Einstein's "belief" in Spinoza's God is one of his most widely quoted statements. But quoted out of context, like so many of these statements, it is misleading at best. It all started when Boston's Cardinal O'Connel attacked Einstein and the General Theory of Relativity and warned the youth that the theory "cloaked the ghastly apparition of atheism" and "befogged speculation, producing universal doubt about God and His creation"(Clark, 1971, 413-414). Einstein had already experienced heavier duty attacks against his theory in the form of anti-Semitic mass meetings in Germany, and he initially ignored the Cardinal's attack. Shortly thereafter though, on April 24, 1929, Rabbi Herbert Goldstein of New York cabled Einstein to ask: "Do you believe in God?"(Sommerfeld, 1949, 103). Einstein's return message is the famous statement: "I believe in Spinoza's God who reveals himself in the orderly harmony of what exists, not in a God who concerns himself with fates and actions of human beings"( 103). The Rabbi, who was intent on defending Einstein against the Cardinal, interpreted Einstein's statement in his own way when writing: "Spinoza, who is called the God-intoxicated man, and who saw God manifest in all nature, certainly could not be called an atheist. Furthermore, Einstein points to a unity. Einstein's theory if carried out to its logical conclusion would bring to mankind a scientific formula for monotheism. He does away with all thought of dualism or pluralism. There can be no room for any aspect of polytheism. This latter thought may have caused the Cardinal to speak out. Let us call a spade a spade"(Clark, 1971, 414). Both the Rabbi and the Cardinal would have done well to note Einstein's remark, of 1921, to Archbishop Davidson in a similar context about science: "It makes no difference. It is purely abstract science"(413).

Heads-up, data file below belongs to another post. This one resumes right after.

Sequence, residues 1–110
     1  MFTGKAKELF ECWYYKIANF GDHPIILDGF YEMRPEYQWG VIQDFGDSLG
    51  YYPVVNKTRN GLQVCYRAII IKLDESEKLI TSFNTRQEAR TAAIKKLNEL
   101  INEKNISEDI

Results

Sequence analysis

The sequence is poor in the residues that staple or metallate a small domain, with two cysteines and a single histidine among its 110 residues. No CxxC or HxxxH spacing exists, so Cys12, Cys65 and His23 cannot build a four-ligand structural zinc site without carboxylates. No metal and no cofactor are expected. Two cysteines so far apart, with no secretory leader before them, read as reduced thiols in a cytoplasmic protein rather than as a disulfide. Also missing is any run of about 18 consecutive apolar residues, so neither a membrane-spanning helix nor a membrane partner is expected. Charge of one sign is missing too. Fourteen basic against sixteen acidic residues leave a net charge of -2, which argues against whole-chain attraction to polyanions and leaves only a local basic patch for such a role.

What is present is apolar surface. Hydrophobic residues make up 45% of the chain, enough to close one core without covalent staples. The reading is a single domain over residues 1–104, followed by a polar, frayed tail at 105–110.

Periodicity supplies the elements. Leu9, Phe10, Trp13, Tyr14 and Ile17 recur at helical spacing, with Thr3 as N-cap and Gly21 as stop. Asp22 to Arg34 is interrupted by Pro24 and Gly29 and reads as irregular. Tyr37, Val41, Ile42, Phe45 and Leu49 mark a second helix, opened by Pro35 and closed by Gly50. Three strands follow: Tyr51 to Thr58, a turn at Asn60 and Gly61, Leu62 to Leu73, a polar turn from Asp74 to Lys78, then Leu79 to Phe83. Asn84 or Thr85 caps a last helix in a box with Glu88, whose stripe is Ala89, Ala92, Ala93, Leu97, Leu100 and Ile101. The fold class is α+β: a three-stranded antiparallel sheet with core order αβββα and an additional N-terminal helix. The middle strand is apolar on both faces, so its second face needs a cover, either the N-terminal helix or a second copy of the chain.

The American physicist Steven Weinberg (1992), in critiquing Einstein's "Spinoza's God" statement, noted: "But what possible difference does it make to anyone if we use the word 'God' in place of 'order' or 'harmony,' except perhaps to avoid the accusation of having no God?" Weinberg certainly has a valid point, but we should also forgive Einstein for being a product of his times, for his poetic sense, and for his cosmic religious view regarding such things as the order and harmony of the universe.

But what, at bottom, was Einstein's belief? The long answer exists in Einstein's essays on religion and science as given in his Ideas and Opinions (1954), his Autobiographical Notes (1949), and other works. What about a short answer?